12 PERSONNEL A project team has been organized to include specific talents and skills to ensure a successful and þeneficial project with meaningful results. Resumes for each of the key personnel, demonstrating their expeftise for this project, can be found in Resumes of Key Personnel. Below is a brief summary of what they will do: (1) Dr. Nancy Everhart (Associate Professor and project co-director) and Dr. Eliza T. Dresang (Eliza Atkins Gleason Professor and project co-director) will spend 75-8o/o"/o of their time in the summer and 30% of their time in the academic year on project management, curriculum development, developing the courses online (with GA help), recruitment planning, course testing, evaluation, project dissemination and establishing the research agenda. The project directors have extensivexperience managingrant projects. In the past 7 years, Dr. Dresang has serued as a Pl or co-pl on 3 grants from the Department of Education and IMLS for a total of $500,000. She has managed multiple million-dollar budgets in the Madison, Wisconsin school district, where she was District Director for Library and Technology Services for 16 years. Dr. Everhart has worked on 3 multi-year grants from the New York City Board of Education worth over 2 million dollars. Both have widespread research backgrounds and have served as schoolibrary media specialists. (2) Norish Adams (Director, National Board Regional Resource Center, FAMU, will devote 128 hours to the project consulting on curriculum and recruitment and working with the leadership GA to develop support materials. (3) Patricia Dietrich (National Board Certified school library media specialist and project consultant) will devote 128 hours to the project in data collection, curriculum development, and mentoring of potential candidates. (a) Harry Buerklen doctoral student, will work approximately 10 hours per week on the research component of the project. (5) The three-semester graduate assistant (GA) will be a student who is in the master's or specialist program and is interested pursuing National Board Certification and if possible a minority candidate. The work itself will be leadership preparation. He/She willwork 20 hours per week, at FSU and FAMU in the resource center assisting with and providing input for all project activities and will attend two national conferences, presenting at one. The two one-semester graduate assistants will assist project directors in translating course content into online courses (6) Members of the local advisory board (see Attachment 4 for their specific expertise) will meet monthly at FSU, FAMU, or Leon County to provide advice and evaluation. (7) Personsuggested for the national advisory board are also expert in various phases of NBC, are also listed in Attachment 4 (with their expertise) and will be asked to serve after the grant is funded. The national advisory board will meet 4 times - twice prior to ALA conferences, and twice by conference call to provide advise and evaluation. (8) Dr. Marcella Genz, Associate Dean for Academic Affairs, will work with directors on curriculum development and recruitment 5o/o at her time. (9) Dr. Corinne Jorgensen, Associate Dean for Research, will work with the project directors on the research and dissemination portions of the project 5o/of her time. (10) Dr. Larry Dennis, Dean, will meet with the advisory committee and assist with overall management of the project, 5% of his time and will provide advice from his recent experience as Director of Distance and Distributed Learning at FSU. (11) A highly qualified adjunct, will piloteach one of the certificate courses. MANAGEMENT PLAN The grant period will run from July 1, June 30, Throughout the period co-directors will meet with consultants and advisory board members as previously indicated. Formativevaluation activities will go on throughout the grant period. Work tasks laid out by quarters are as follows:. Quarter 1 (July- Sept 2005): Complete or confirm advisory þoard personnel; hire and train GAs; develop evaluation indicators and instruments; attend National Board conference, establish web site; refine research/needs assessment questions and administer surveys; start course design.. Quarter 2; (Oct- Dec 2005): Analyze formal and informal needs assessment data; develop two and revise one of the four ceftificate courses; translate courses into online format; attend Minority Recruitment Conference and nationalaasl conference; start on recruitment plan and on development of outline of specialist degree courses;write first article on project. ' Quarter 3 (Jan- Mar 2006): Revise last course in ceftificate program and up online; piloteach two of the certificate courses; complete recruitment plan and work on specialist courses; hold meeting for other Library and Information Studies (LlS) schools; present at ALISE and ALA Mid-winter' extend contacts;write additional afticles for publication; present at state conferences. 8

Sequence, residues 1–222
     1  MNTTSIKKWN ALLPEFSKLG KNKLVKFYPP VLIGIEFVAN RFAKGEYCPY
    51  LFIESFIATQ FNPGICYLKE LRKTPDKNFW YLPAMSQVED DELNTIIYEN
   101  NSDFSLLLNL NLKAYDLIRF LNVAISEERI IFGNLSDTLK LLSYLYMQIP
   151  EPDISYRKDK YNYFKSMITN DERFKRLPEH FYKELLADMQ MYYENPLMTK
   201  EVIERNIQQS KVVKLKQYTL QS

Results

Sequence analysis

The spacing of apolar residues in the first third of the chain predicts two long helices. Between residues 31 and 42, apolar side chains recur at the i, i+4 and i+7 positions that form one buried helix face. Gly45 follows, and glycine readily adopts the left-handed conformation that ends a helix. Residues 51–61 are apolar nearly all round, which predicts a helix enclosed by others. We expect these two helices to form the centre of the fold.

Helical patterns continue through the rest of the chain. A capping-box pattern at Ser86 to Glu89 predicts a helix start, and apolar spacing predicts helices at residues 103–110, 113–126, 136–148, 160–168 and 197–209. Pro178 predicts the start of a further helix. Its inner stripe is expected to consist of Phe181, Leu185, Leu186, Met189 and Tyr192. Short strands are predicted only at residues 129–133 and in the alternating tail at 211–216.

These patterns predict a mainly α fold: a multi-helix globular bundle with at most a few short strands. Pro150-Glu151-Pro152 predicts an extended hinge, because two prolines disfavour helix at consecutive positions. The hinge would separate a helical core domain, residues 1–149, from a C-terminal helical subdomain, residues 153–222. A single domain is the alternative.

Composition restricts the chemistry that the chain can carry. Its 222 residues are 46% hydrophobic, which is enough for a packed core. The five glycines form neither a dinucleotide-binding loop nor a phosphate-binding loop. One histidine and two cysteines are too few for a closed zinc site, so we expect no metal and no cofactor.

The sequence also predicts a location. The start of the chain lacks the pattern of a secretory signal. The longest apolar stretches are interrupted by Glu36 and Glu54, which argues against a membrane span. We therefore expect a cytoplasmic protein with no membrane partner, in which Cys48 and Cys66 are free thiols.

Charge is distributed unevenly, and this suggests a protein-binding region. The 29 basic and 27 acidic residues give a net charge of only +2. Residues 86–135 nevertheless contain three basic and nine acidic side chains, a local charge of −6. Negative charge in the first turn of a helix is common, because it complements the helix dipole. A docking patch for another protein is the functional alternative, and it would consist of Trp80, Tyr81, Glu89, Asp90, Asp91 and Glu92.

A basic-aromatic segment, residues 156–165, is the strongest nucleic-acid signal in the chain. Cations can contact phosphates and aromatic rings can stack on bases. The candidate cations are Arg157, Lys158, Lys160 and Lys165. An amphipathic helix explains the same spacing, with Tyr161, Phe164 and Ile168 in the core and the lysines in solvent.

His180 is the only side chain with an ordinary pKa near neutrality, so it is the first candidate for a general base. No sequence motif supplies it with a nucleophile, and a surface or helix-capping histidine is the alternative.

13 ' Quarter 4 (April- June 2006) Pilot other two certificate courses and revise as needed; present at state conferences; hold meeting for interested LIS schools and present at ALA annual conference, including Project WISE preconference; pilot recruitment plan; contact potential employers of NB certified media specialists; complete specialist degree course design; plan next steps;conduct summativevaluation. (See Schedule of Completion) DISSEMINATION Wide dissemination assured because of the project design, which involves local, state, regional, and national personnel committed to the NBC process and with widespread leadership connectìons. The project directors and each member of the local and national advisory boards are carefully chosen partially because of the multitude of channels they have available for dissemination of information and recruitment of students. One unique and advantageous feature of this project is that the Director of the National Board Resource Center at FAMU is in frequent contact with Directors of the four other national centers and with the National Board office, so she will be continuously promoting the project. She also will have direct contact with potential students at FAMU. The state consultant will work through the dírectors of media services in each school districto provide contacts for future employment throughout the state. A web site will be created by Project Directors and a College of Information weþ developer to serve as an information and admissions portal for Project LEAD at the beginning of the grant period. Project activities will be posted throughout the year as well as the results of evaluations. When the course objectives and recruitment plan are completed, they will be made available through the web site. Links to NB resources will be part of the web site. The College of Information communications otficer will develop brochures for national recruitment. The announcements of Project LEAD will be made internally via web sites of the FSU College of Information, The FSU Center for Research in School Libraries, the College of Education, student and faculty listservs, and alumni newsletters. The FSU Otfice of Research will disseminate information to the University community and local media. Project directors will provide information to be disseminated the state levelthrough the Florida Department of Education and Florida Association for Media in Education (FAME). The NB Resource Center at FAMU will disseminate information regionally through its web site and at information sessions for precandidates. A national announcement will be made on the AASL Forum, the Association for Library and Information Studies Education (ALISE), and LM_NET electronic discussions groups and the NB list serv. NBPTS will be asked to add Project LEAD information to its web site where resources for candidates are listed. News releases will be sent to American Libraries, School Library Journal, and NEA Today. Throughout the grant period, proposals will be submitted to major conferences such as AASL, ALISE, and the National Board for ProfessionalTeaching Standards. Articles will be developed for major journals including, but not limited to, Knowledge Quest, School Library Media Research, and The Journal for Library and lnformation Science Education. The project's research on school library media specialists and National Board Ceftification willdisseminate through these channels as they become available. The Center for Research in School Libraries will be disseminating research findings from Project LEAD though publications and symposia. SUSTAINABILITY Coursework, the certificate program, and the specialist degree developed for Project LEAD will all be a permanent part of the curriculum at FSU. The College of lnformation's Master's-Specialist Team approved the certificate revisions and the two new courses, for development (pendingrant approval) on November17,2OO4. The development of this specificourse content for an already existing specialist degree was also approved (pendin grant approval) by the College of lnformation Master's-Specialist Team on November 17, 2OO4. The directors of the project, Drs. Everhart and Dresang, will continue to teach the courses developed regularly after the grant period. The in-state tuition rate for out-of-state students will make ongoing national recruitment viable. Through its overall Quality Enhancement Plan, Florida State University will be rewarding Colleges that develop a leadership focus in their programs. (Attachment 5) Funding will be available in

14 and beyond for certificate programs in leadership, and three programs will be chosen for a $5000 support grant. Project LEAD has the potential to become one of these programs. ln addition, the directors intend to apply for funds from the Carnegie Foundation to expand the project's reach. The proximity of one of four National Board Resource Centers at Florida A & M University, less than a mile from FSU and which will be an ongoing partner, helps to ensure the success and expansion of Project LEAD. The Center Director and the state consultant work with numerouschool districts. The number of candidates pursuing National Board Certification in library media has grown exponentially since being first offered in 2OQ2 (AASL, 2004) and the interest in this designation of professional excellence as well as leadership in general will sustain Project LEAD for many years to come. The project directors are aware of Project WISE, an IMLS initiative that is undenvay as this grant is written. lt is a collaborative etfort by Syracuse, lllinois, and Washington provide cross listings of online courses. The purpose of the grant is to set up a system by which other universities may participate. The proiect directors hope to attend the preconference in San Antonio (during this grant period) to learn about the possibility of joining this effort and disseminating (making available) the Project LEAD courses through this method - which would address both dissemination and sustainability. In sum, sustainability is virtually guaranteed by the expertise of the project personnel, their networks and publications;the ongoing institutional support, both instructional and research; low out-of-state tuition; the oppottunities for dissemination, the potential for further funding, and by the increasing nationwide interest in the leadershiprocess of which National Board Certification is a part. REFERENCES American Association of School Librarians. (1998). Information power, Chicago:American Association of School Librarians/Association for Education Communications and Technology. (2004). Nationalboard certification Retrieved November 19, 2004, from ala.orglalalaasl/aasleducation/nationalboardcer/nationalboard.htm Association for Library and Information Science Education. (2003). LibranJ and information science education statistical report 2003: curriculum. Retrieved November 19, 2004, from htm Baumbach, D. T. (2003). Well-stocked libraries contribute to student achievemenf. Retrieved November 19, 2004, from Dickinson, G. (2004). PortÍolio guide for the schoolibrary media specialist. Chicago: American Association of School Librarians. Everhart, N.L. (2000). Looking for a few good librarians: Statfing research School Library Journal, 46(9), (2OO2). Filling the void: SLJ 2002 statfing survey. School Library Journal 48(6), Gordon, D.T. (2002). Putting national board certification to the test. Haruard Education Letter: Research Online. Retrieved November 19,2004, from ma/boardceft.shtml lsenberg, J.P. (2004). Using national þoard standards to redesign master's degrees for teachers. Retrieved on November 28,2004 from Nationaf Board for Professional Teaching Standards. All retrieved November 14,20O4. (2OO4al. About NBPTS: State and local support and incentives. Retrieved from http :/iwww. nbpts.org/aboutistate. cf m (2001). Accomplished teachers taking on new leadership roles in schools. Retrieved from 3.cfm?id=7 (2004b). Early childhood through young adulthood: Library media overview. Retrieved from (2004c). Research and information. Retrieved from Southern Regional Education Board. (2004). SBEB sfafes continue to lead the nation in teachers wlth nationalboard certification Retrieved November 19, 2004, from Wheefan, D.L. (2003). The only young schoolibrarian? School Library Journal, 49(5), l0